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Photo courtesy of Yosemite National Park

Small Amounts of Toxic Algae in Yosemite Valley

Yosemite – Recent testing has yielded positive results for small amounts of toxic algae in Tenaya Creek in Yosemite Valley, and toxic algae may exist in other sites in Yosemite Valley. Toxins are concentrated within algal mats themselves and are released episodically into the water when the algae dies or is disturbed.
What does this mean for me?
For your safety, do not enter or drink from Tenaya Creek, which flows from above Mirror Lake to where it enters the Merced River near North Pines Campground.
Filtering and/or boiling the water is not effective against this type of algae.
Prevent pets from drinking the water and eating or touching algae. In particular, prevent dogs from eating dried algal mats on shore.
Please report any large algal blooms and/or algae that is particularly bright, bubbly, strange-looking, or appears like a haze in the water: https://go.nps.gov/report-hab.
Do not disturb algal mats in any way. Wading or swimming can cause toxins to be released into the water.
If you suspect a site has toxic algae, do not enter the water and do not drink water from the area. While some sites are signed based on testing results, it’s likely that algae exists in other parts of Yosemite Valley. Don’t rely on signage alone.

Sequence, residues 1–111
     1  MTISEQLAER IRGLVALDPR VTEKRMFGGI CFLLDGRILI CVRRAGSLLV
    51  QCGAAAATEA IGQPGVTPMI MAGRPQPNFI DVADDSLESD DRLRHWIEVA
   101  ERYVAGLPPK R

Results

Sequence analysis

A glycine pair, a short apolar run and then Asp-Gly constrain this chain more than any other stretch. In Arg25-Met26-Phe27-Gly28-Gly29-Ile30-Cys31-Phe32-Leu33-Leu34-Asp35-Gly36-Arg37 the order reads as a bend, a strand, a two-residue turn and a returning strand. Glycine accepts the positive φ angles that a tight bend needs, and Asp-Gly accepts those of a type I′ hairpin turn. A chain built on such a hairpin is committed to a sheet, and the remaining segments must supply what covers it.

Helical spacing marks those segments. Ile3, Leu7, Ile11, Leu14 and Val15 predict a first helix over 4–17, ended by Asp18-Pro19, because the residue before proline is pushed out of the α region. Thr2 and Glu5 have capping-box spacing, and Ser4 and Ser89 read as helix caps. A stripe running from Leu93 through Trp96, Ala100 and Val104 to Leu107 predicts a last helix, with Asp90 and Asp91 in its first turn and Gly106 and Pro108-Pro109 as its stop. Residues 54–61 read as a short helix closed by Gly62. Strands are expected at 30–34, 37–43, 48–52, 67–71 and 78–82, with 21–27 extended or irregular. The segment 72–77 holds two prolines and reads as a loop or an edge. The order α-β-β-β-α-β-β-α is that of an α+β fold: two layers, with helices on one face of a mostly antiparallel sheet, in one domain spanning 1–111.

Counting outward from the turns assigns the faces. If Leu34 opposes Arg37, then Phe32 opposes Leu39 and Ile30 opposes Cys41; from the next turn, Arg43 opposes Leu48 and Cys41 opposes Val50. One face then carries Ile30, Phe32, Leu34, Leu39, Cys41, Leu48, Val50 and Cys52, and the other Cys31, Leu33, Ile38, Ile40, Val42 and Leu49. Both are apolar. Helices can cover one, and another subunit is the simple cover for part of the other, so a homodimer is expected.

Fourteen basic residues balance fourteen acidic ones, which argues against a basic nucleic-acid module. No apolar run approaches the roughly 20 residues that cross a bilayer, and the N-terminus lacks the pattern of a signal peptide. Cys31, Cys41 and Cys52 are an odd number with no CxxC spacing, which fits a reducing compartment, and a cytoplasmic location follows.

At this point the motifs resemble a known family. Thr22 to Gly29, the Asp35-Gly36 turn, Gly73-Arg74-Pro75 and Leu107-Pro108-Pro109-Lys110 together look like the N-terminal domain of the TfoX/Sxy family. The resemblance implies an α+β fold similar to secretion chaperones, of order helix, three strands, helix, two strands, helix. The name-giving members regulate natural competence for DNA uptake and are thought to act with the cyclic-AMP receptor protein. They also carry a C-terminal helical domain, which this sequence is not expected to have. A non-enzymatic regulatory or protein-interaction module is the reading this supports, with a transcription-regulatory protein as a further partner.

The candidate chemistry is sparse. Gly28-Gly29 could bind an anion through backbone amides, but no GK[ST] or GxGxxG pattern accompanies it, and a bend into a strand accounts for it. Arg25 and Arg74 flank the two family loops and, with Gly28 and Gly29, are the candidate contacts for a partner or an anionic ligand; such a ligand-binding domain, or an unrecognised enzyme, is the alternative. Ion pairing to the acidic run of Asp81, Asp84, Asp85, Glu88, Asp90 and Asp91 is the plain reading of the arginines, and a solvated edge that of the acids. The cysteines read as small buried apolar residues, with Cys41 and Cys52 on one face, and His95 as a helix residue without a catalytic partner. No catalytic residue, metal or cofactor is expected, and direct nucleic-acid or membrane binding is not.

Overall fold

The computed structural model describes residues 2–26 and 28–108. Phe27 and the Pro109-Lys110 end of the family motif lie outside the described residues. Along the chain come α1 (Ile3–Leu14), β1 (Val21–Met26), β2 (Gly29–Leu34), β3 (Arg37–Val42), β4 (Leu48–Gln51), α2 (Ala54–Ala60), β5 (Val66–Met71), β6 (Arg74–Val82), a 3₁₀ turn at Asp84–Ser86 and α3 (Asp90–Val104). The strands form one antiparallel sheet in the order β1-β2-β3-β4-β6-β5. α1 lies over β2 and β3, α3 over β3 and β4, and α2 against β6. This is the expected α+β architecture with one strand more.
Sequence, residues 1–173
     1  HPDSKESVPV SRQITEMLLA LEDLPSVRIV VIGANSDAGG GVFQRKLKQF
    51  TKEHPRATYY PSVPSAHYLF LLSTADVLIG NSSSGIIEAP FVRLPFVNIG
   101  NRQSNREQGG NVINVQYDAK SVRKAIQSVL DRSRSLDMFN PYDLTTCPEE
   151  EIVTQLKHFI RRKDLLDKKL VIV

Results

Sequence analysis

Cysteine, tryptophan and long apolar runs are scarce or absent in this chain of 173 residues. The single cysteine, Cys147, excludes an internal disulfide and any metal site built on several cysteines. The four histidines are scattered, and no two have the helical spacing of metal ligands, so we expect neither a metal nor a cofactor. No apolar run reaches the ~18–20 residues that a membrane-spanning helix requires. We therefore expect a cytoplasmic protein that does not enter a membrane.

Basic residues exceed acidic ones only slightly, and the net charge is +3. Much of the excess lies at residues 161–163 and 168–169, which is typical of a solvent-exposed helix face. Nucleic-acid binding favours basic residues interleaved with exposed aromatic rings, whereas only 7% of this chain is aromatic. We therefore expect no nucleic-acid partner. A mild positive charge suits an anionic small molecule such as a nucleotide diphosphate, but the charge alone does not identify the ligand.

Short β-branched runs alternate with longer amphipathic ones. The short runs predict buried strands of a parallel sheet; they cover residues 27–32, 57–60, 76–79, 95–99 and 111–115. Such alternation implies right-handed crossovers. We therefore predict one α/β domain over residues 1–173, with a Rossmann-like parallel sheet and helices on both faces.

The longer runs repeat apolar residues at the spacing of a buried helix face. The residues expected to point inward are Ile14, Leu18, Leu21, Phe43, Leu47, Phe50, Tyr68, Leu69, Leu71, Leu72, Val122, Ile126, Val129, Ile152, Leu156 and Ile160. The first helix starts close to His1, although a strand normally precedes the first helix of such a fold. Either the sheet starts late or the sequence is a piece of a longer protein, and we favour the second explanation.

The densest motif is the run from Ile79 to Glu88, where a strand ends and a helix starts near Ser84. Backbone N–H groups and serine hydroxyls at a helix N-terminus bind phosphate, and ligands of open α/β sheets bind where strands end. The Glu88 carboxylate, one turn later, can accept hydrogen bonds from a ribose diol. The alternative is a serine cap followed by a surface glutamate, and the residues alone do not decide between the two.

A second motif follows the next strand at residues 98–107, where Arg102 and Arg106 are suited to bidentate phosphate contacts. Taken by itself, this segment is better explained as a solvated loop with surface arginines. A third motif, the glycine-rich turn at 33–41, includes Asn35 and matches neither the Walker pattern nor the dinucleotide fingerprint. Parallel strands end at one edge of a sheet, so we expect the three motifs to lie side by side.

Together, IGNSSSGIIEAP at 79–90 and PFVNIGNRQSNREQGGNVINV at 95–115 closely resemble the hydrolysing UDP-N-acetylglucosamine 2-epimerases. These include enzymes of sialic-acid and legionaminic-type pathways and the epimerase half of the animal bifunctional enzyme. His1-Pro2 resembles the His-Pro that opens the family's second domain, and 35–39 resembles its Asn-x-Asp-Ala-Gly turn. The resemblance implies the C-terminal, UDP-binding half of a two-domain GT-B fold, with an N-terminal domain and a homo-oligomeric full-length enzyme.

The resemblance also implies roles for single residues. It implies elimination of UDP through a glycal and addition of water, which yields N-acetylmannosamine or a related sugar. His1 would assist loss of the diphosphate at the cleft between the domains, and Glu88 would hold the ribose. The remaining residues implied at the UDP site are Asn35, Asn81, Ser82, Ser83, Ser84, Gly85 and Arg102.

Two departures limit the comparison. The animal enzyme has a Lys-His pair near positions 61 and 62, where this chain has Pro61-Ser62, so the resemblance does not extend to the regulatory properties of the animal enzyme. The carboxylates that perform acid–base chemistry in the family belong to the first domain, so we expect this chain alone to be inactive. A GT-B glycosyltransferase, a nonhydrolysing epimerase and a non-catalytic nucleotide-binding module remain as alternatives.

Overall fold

Can I still swim in the river? Can I still filter or treat the water for drinking?
Water that is clear with no visible algae in the area presents a low risk. Even in areas with no visible algae, watch for isolated clumps of algae floating by.
If you think algae may be in the water:
• Do not enter the water.
• Do not drink the water, even if treated.
• Do not let pets into the water, allow them to drink the water, or eat algae on the shore.
What are the signs and symptoms of exposure to toxins from algae?
According to the California Water Quality Monitoring Council, the following signs and symptoms may occur within 48 hours of exposure to a waterbody with a suspected or confirmed algal bloom:
• Sore throat or congestion;
• Coughing, wheezing, or difficulty breathing;
• Red, or itchy skin, or a rash;
• Skin blisters or hives;
• Earache or irritated eyes;
• Diarrhea or vomiting;
• Agitation;
• Headache; and/or,
• Abdominal pain.
If people show symptoms of cyanotoxin and/or cyanobacteria exposure after contact with water, or with scums or mats of algae, they should receive immediate medical attention. Additional resources are available from the Centers for Disease Control and Prevention (CDC), and by contacting the California Poison Control Center (1-800-222-1222). See the HAB-related Illness Tracking webpage for information on previously reported human illnesses related to HABs in California. (https://www.mywaterquality.ca.gov/…/human_health.html)
Is the park monitoring for harmful algal blooms?
The park continues monitoring for toxic algae and testing for toxins throughout the park. You can learn more about harmful algal blooms at https://mywaterquality.ca.gov/habs/.

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